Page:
Author’s of the Article Above: Mike and Sharon Rusten are not only marriage and business partners; they also share a love for history. Mike studied at Princeton (B.A.), the University of Minnesota (M.A.), Westminster Theological Seminary (M.Div.), Trinity Evangelical Divinity School (Th.M.), and New York University (Ph.D.). Sharon studied at Beaver College, Lake Forest College, and the University of Minnesota (B.A.), and together with Mike has attended the American Institute of Holy Land Studies (now Jerusalem University College). Mike and Sharon have two grown children and live in Minnetonka, Minnesota. This article was adapted from the May 7th entry in their wonderful book The One Year Book of Christian History, Carol Stream, IL: Tyndale, 2003.
Elisha A Hofman: “I Must Tell of Jesus”
Many New Testament promises have corresponding verses in the Old Testament that reinforce their power. When Peter, for example, said, “God cares for you, so turn all your worries over to him” (1 Peter 5:7), he was but restating David’s words in Psalm 55:22: “Our Lord, we belong to you. We tell you what worries us, and you won’t let us fall.”
Elisha A. Hoffman loved those verses. He was born May 7, 1839 in Orwigsburg, Pennsylvania. His father was a minister, and Elisha followed Christ at a young age. He attended Philadelphia public schools, studied science, and then pursued the classics at Union Seminary of the Evangelical Association. He worked for 11 years with the association’s publishing house in Cleveland, Ohio. Then, following the death of his young wife, he returned to Pennsylvania and devoted 33 years to pastoring Benton Harbor Presbyterian Church.
Hoffman’s pastime was writing hymns, many of which were inspired by pastoral incidents. One day, for example, while calling on the destitute of Lebanon, Pennsylvania, he met a woman whose depression seemed beyond cure. She opened her heart and poured on him her pent-up sorrows. Wringing her hands, she cried, “What shall I do? Oh, what shall I do?” Hoffman knew what she should do; for he had himself learned the deeper lessons of God’s comfort. He said to the woman, “You cannot do better than to take all your sorrows to Jesus. You must tell Jesus.”
Suddenly the lady’s face lighted up. “Yes!” she cried, “That’s it! I must tell Jesus.” Her words echoed in Hoffman’s ears, and he mulled them over as he returned home. He drew out his pen and started writing, I must tell Jesus! I must tell Jesus! / I cannot bear my burdens alone; / I must tell Jesus! I must tell Jesus! / Jesus can help me, Jesus alone.
Hoffman lived to be 90, telling Jesus his burdens and giving the church such hymns as What A Wonderful Savior, Down at the Cross, Are You Washed in the Blood?, Leaning on the Everlasting Arms, and a thousand more.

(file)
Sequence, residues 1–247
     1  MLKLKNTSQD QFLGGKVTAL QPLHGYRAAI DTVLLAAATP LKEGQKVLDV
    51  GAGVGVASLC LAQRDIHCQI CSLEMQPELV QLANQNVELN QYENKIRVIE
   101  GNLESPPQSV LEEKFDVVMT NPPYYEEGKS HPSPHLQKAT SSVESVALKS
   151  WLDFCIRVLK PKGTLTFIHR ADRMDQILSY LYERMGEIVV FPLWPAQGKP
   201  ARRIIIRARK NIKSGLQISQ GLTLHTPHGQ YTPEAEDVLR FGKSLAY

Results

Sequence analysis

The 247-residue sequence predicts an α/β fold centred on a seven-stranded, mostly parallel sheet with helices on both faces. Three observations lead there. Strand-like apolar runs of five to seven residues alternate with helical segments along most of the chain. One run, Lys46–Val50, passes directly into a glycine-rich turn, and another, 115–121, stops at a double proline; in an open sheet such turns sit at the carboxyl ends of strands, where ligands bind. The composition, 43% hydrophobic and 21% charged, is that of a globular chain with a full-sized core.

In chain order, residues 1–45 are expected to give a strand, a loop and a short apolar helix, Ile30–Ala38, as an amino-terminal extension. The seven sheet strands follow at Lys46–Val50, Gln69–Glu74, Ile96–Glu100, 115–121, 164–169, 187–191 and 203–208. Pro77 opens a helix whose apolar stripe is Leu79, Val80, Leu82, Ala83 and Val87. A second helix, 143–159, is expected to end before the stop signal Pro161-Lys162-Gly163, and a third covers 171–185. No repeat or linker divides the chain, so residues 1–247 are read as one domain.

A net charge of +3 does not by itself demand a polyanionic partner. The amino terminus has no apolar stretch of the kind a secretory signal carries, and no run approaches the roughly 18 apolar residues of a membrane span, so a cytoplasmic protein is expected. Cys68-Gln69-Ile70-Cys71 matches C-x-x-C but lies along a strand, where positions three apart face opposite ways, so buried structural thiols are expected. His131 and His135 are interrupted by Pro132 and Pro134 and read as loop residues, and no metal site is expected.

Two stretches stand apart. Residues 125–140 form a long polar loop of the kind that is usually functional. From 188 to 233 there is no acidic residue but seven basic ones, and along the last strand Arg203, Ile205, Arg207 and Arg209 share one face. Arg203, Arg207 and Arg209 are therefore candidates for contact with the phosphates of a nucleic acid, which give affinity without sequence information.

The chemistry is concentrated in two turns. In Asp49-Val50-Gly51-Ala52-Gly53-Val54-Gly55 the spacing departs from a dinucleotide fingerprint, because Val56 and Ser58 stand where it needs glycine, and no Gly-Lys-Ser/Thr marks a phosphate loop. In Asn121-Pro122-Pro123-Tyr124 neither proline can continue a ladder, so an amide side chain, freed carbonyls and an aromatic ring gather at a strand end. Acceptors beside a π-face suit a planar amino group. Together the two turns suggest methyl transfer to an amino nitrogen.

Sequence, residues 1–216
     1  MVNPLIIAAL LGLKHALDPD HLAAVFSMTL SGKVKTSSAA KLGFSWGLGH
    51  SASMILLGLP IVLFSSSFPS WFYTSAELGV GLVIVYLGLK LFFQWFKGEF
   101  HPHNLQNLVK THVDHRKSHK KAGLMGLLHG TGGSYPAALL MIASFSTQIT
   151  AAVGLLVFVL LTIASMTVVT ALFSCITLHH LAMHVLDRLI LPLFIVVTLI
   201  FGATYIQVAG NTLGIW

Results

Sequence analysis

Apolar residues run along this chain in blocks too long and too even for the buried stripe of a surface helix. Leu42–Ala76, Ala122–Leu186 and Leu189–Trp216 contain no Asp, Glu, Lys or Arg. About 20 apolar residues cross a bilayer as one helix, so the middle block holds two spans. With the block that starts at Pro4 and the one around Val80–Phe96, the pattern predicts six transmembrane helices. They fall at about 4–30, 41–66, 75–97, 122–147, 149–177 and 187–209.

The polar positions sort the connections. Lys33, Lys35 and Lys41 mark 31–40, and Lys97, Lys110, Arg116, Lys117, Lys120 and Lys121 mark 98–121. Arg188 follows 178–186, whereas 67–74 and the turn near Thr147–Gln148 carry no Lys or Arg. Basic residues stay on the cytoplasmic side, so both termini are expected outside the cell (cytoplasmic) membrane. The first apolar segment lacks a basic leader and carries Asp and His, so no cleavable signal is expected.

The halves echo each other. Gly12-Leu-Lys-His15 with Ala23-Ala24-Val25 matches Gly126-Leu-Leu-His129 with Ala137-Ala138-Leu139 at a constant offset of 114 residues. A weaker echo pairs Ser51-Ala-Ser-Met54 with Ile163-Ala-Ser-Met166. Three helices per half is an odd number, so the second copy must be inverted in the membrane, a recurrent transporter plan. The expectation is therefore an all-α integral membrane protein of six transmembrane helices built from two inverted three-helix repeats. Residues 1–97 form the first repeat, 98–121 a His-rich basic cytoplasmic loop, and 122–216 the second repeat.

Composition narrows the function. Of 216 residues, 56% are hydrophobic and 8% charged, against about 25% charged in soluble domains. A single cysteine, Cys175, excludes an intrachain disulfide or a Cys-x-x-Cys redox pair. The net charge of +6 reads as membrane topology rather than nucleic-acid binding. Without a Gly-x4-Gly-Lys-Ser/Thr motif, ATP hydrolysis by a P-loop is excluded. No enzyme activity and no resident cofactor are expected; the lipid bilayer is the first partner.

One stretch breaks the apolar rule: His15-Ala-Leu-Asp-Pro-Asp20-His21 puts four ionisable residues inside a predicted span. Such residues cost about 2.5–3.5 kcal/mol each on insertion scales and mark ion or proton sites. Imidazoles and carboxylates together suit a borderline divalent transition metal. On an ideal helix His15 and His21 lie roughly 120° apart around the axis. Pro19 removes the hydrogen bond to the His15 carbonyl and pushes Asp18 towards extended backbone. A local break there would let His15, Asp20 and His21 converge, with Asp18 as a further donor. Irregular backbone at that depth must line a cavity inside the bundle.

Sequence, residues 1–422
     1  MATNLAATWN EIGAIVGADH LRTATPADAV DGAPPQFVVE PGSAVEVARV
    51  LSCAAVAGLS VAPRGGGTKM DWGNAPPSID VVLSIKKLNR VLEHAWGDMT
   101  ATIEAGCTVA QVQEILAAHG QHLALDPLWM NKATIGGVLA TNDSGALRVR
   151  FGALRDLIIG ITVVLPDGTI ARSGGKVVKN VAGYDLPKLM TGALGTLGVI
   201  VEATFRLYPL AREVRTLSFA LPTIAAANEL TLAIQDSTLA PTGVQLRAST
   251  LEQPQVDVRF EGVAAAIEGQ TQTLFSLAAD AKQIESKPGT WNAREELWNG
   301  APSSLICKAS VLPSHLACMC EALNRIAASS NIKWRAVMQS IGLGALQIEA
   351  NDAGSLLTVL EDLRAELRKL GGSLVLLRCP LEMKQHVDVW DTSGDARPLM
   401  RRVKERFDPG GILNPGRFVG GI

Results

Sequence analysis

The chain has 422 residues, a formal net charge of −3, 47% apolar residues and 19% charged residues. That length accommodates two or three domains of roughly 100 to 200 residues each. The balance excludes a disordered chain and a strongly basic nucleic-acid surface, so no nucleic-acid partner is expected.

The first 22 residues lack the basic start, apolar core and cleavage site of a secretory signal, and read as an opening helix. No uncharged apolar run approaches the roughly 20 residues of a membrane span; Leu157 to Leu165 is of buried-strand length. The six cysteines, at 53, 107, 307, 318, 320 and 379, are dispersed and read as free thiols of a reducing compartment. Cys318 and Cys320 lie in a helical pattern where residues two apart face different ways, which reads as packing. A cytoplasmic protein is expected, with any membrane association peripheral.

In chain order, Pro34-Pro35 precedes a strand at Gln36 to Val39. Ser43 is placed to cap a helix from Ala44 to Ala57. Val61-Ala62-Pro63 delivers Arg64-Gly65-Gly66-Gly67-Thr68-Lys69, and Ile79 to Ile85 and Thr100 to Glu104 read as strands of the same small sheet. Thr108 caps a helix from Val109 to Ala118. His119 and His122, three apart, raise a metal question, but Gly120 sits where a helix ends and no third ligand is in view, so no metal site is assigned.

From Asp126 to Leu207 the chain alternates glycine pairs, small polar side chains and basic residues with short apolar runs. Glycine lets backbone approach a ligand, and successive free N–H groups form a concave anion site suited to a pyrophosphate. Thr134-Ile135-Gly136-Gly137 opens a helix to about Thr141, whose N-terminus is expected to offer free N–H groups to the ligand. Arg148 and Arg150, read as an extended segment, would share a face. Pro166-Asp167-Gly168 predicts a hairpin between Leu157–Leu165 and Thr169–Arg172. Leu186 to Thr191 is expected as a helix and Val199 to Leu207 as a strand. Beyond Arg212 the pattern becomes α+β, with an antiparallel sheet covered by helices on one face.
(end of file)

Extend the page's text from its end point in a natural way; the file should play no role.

The Scriptures say, “God opposes proud people, but he helps everyone who is humble.” Be humble in the presence of God’s mighty power, and he will honor you when the time comes. God cares for you, so turn all your worries over to him. 1 Peter 5:5b-7
About the Author: Robert J. Morgan, is the pastor of Donelson Fellowship in Nashville, Tennessee and the author of the best-selling Then Sings My Soul, From This Verse, Red Sea Rules, and On This Day – this article was adapted from the May 7th entry in this excellent book. He conducts Bible conferences, parenting and marriage retreats, and leadership seminars across the country.
Significant Events on This Day:
1274: The Council of Lyons II met. The council was supposed to promote plans to reunite the Eastern and Western Churches, but nothing came of it.
1794: French revolutionaries proclaimed the worship of a “supreme being,” a Deist god.
1844: Protestants burned dozens of Irish Catholic homes and the St. Augustine Church in Kensington, a suburb of Philadelphia. The action was in retaliation for the killing of one of their own by a Catholic the day before during an ill0advised rally in the Irish streets. Protestants were outraged that Catholics would not participate in school Bible reading (the Catholics believed that Church leaders, not individuals, should interpret Scripture). In defense of their property, Catholics killed several more Protestants as the riot progressed.
1859: Guido Verbeck and his bride, Maria, destined for Shanghai, sailed from New York aboard the Surprise. With them were Rev. and Mrs. Brown and the medical missionary Duane B. Simmons and his wife. Verbeck was so notable a missionary that the Japanese honored him highly.
A. Kenneth Curtis and Daniel Graves edited This Day In Christian History. Camp Hill, PA: Christian Publications Inc., 2005. The events above were adapted from the entry for May 7th.